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March 11th, 2016

The Oxford Handbook of Indian Foreign Policy edited by David M. Malone, C. Raja Mohan and Srinath Raghavan

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Estimated reading time: 5 minutes

Editor

March 11th, 2016

The Oxford Handbook of Indian Foreign Policy edited by David M. Malone, C. Raja Mohan and Srinath Raghavan

0 comments

Estimated reading time: 5 minutes

In The Oxford Handbook of Indian Foreign Policy, editors David M. Malone, C. Raja Mohan, and Srinath Raghavan aim to offer an authoritative and up-to-date survey of foreign policy in India since 1947. Raj Verma writes that, despite some limitations, the book is an essential read for students at all levels and scholars who want to familiarise themselves with India’s foreign policy debates.

The Oxford Handbook of Indian Foreign Policy. David M. Malone, C. Raja Mohan and Srinath Raghavan (eds). Oxford University Press. 2015.

Oxford Handbook of Indian Foreign PolicyThe inside page of the cover jacket of this book states that ‘Oxford Handbooks offer authoritative and up-to-date surveys of original research in a particular subject area. … [they] provide scholars and graduate students with compelling new perspectives …’ The Indian Foreign Policy installment of the series is an excellent attempt at providing an authoritative, compelling and comprehensive (albeit not exhaustive) survey of foreign policy since India gained its independence in 1947. The novelty of the handbook is that contributors straddle different careers, disciplines and countries – academics, practitioners, bureaucrats and diplomats in India and abroad – which provides a range of different perspectives. The blend of academic and policy focus, opinions, debate and discussions offers a wide-ranging analysis of disparate aspects of the South Asian giant’s foreign policy.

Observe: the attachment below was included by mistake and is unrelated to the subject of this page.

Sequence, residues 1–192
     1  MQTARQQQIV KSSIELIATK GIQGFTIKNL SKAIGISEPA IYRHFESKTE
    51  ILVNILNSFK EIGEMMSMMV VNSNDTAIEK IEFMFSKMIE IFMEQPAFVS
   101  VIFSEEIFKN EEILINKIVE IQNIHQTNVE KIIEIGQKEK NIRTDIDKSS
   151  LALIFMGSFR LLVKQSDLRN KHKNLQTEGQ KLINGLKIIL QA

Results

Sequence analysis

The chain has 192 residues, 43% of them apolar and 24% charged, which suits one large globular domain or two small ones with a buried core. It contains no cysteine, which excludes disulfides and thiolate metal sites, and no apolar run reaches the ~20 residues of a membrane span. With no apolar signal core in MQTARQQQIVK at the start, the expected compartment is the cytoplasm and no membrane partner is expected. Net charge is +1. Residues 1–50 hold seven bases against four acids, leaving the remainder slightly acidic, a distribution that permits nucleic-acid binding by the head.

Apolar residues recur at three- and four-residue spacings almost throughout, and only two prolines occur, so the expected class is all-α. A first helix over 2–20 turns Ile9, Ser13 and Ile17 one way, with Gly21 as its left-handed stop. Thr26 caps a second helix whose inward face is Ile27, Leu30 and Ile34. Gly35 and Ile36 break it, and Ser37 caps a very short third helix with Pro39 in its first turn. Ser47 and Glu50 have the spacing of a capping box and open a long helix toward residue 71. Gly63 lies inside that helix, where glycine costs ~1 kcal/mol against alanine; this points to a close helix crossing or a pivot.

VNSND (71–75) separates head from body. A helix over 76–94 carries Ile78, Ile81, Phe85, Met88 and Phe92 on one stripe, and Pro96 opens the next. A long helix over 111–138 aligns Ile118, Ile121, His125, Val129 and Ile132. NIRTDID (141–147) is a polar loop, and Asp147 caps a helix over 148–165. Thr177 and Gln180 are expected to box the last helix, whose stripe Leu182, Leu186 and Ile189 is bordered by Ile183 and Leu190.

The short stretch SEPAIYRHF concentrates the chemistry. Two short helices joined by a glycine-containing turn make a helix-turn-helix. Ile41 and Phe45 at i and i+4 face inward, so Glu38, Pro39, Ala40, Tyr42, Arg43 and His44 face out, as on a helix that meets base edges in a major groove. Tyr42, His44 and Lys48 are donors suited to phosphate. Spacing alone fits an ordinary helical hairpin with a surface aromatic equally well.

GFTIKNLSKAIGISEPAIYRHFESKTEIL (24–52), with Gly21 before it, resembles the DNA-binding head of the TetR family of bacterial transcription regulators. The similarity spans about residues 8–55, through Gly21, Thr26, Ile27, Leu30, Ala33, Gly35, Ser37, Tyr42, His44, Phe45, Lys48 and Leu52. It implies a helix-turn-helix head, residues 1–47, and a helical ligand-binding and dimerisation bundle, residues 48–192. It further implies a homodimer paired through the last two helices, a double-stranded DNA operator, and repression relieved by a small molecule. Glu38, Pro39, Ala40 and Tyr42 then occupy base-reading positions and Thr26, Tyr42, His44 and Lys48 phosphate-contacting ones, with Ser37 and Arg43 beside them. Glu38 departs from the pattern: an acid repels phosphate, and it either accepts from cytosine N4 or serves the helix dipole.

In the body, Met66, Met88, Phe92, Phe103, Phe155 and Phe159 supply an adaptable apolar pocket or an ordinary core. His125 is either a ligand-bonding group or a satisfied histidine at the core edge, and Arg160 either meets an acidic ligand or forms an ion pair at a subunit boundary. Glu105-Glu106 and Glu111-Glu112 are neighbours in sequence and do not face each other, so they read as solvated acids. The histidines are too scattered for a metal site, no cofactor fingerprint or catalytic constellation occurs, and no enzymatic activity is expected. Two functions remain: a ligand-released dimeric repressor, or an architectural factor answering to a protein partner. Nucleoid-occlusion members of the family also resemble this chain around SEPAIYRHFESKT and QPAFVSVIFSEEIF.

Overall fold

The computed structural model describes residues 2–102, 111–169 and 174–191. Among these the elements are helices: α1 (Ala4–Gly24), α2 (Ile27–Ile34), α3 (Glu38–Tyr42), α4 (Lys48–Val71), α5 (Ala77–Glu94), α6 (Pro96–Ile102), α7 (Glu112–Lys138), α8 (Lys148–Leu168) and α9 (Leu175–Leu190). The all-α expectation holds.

The handbook is structured thematically and in some cases chronologically. It is divided into seven parts which each delve into different facets of India’s foreign policy. Part One discusses the five different approaches to the study of the topic and its theorisation, and correctly concludes that Indian foreign policy is at present under-theorised. Part Two focuses on the evolution of foreign policy, starting with the influence of the British Raj. It then discusses the impact of different prime ministers such as Jawaharlal Nehru, Indira Gandhi, Rajiv Gandhi, Atal Behari Vajpayee and Manmohan Singh among others. Thus it provides a good comparative analysis of and constraints on India’s foreign policy in different time periods. It also has a chapter which illustrates the different nuances of India’s soft power and its applications, and another which provides a good historical background and context to India-China relations and the Tibetan issue.

Part Three discusses the role played by myriad domestic institutions and actors in influencing and implementing foreign policy such as media, bureaucracy, legislature, interest groups, public opinion, diaspora and epistemic community among others. Part Four illustrates the role of geography in influencing and determining India’s foreign policy and its relations in the immediate neighbourhood  with China, Pakistan, Afghanistan, Bangladesh and Nepal, and in the near abroad with countries in Southeast Asia, East Asia, West Asia and in the Indian Ocean. Part Five focuses on India’s key partnerships with countries such as Russia, the US, Brazil, Israel, South Africa as well as those of the EU and Africa. Part Six focuses on India’s multilateral diplomacy, discussing India’s role in multilateral organisations and institutions including the UN, UNCTAD, WTO, IMF, World Bank, NPT, CTBT, BRICS and G-20 among others. Part Seven critically analyses India’s quest for great power status and the future trajectory of India’s rise – complete or incomplete due to internal and external constraints. The contributors are pessimistic about India overcoming domestic and external constraints and aver that it would be extremely difficult, if not almost impossible, for India to become a superpower. It might have to contend with being a regional power with external influence or some global influence.